Kali Vinson ’19, St. Louis Park, Minn.
Majors: International Business, Spanish
I think the majority of people who have had a study away experience can agree that studying abroad was one of the best decisions they’ve ever made. I studied abroad for a few reasons:
It’s a graduation requirement for the international business major.
I heard great things from other Cobbers who had done it – including ones who had participated in the Seville program, specifically.
My senior year was quickly approaching, so it was now or never (either study away or change my major and have to reevaluate my life).
So with help from the Global Learning staff, I applied and was approved to study abroad for fall semester 2018 in Seville, Spain.
Seville (Sevilla in Spanish) is a city located in the south of Spain. Sevilla is the capital and most populated city in the province of Andalusia. It follows Madrid, Barcelona, and Valencia as the most populated city in all of Spain. I may be biased but, despite being a lesser-known city, I think Sevilla is the best and a must-visit destination. Here’s why:
The Sevillano language is really unique. I have been studying Spanish since kindergarten and consider myself to be fluent, yet I still found it difficult to understand because the city has its own language with a different dialect, accent, etc. But even if you can’t understand it completely, Spanish is a beautiful language and can be picked up easily.
Coming from a picky eater, studying abroad in a city or country where the food is completely different than what you’re used to is a challenge. But hey, that’s part of the experience. Since my regular diet consists of Flamin’ Hot Cheetos, the Spanish food seemed a little bland. I did, however, order 14 bags of Flamin’ Hot Cheetos from a sketchy website in the middle of the semester to make up for that. Don’t get me wrong, Spain had other foods I was willing to try. After figuring out what I did and didn’t like, I came to the conclusion that my favorite Spanish dishes are tortilla de patata (potato omelet), berenjenas con miel (eggplant with honey) and, of course, churros con chocolate (no explanation needed).
Your academic experience depends on the program you choose. International Studies at Universidad Pablo de Olavide in Seville was the only program that offered all of the classes and internship opportunities I needed to stay on track for graduation and it turned out to be a great option.
The people were, by far, the best part of my study abroad semester, as is the case with most experiences.
My host family made the biggest impact on me. Growing up in a single-parent, zero-sibling/pet household didn’t really prepare me for what I was going into: a host mom, host dad, two host brothers (one with a girlfriend; the other with a wife and daughter), three host sisters (two with boyfriends; one with a husband and a son), three (very loud) dogs, and two tatas (housekeepers). All 19 of them welcomed me and my roommate, who was also from the U.S., with open arms. They were always patient and generous with us. I could honestly write a novel just about them.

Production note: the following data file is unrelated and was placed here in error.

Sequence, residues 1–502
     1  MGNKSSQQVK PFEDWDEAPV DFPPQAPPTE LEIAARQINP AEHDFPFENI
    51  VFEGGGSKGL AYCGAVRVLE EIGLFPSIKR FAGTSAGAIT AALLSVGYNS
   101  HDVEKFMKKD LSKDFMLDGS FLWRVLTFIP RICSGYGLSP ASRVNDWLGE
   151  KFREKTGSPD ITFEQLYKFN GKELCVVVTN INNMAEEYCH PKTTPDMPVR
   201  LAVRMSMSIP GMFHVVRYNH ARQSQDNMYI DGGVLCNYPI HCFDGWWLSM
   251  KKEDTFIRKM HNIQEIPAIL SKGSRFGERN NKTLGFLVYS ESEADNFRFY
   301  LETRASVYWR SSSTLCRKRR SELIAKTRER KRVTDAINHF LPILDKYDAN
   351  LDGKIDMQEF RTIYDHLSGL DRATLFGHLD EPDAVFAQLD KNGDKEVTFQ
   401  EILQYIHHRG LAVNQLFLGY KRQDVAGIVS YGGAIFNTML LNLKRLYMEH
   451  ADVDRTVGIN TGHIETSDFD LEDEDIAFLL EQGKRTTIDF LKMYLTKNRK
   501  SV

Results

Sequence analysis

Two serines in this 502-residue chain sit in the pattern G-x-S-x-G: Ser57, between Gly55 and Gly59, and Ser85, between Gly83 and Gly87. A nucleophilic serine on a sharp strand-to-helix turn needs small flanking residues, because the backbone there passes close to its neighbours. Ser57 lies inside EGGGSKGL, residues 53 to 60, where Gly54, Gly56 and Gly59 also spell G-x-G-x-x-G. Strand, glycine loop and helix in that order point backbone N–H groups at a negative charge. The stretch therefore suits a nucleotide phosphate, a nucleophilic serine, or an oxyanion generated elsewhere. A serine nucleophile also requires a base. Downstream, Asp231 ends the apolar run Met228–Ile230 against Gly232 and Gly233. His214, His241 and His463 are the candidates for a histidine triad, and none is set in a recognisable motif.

The Global Learning Office connected me with the best program called Spanish Studies Abroad. Their Seville location is in El Centro, the heart of the city. It was just 5 minutes away from my homestay and, if not too busy, another 5 minutes down La Avenida de la Constitución to the metro. The staff there is so supportive and will give you academic, personal, and/or cultural help and recommendations. It’s also through this program where I met all my best friends!
Spain has a very different culture than the U.S. I’m pretty sure I didn’t get over my culture shock until weeks before I had to leave. Some of the things I learned include:
- Spaniards stay up very late but, to my surprise, they wake up just as early.
Families are very tightknit. It’s pretty common for children to live with their parents until an older age.
Almost everything is done with calma (calmness) – walking, working, you name it (except for speaking; that’s something they do the fastest).
Being around the locals is what made the experience feel “real.” Although my classes were taught in English, at all other times I was surrounded by locals. Interacting with people who speak the language that you’re studying is the best way to fully immerse yourself in the culture.
Traveling was one of my favorite parts about studying abroad in Europe because it’s cheap and easy to do. What made it even easier was not having classes on Fridays (hello 3-day weekend). Once you set the perfect date and time, all you have to do is get a group of people together (or even just yourself), find a mode of transportation (plane, train, or really any automobile), and book accommodations (hostel, Airbnb, etc.). Then you’re ready to go! My advice would be to travel as much as you can, but don’t forget to explore the city and country that you’re studying in because you don’t want to miss anything.
I visited Reykjavík, Iceland; Amsterdam, Netherlands; Paris, France; London, England; and multiple cities in Portugal, Morocco, and Spain itself.
One last thing that is truly unique to the city of Sevilla is its own little saying: “NO8DO,” an abbreviation for “no me ha dejado.” In English, that translates to [Seville] “has not left me.” The saying really resonated with me because even though I had to physically leave Seville, it has not left me emotionally. It has been more than three months since I left, but I would go back in a heartbeat.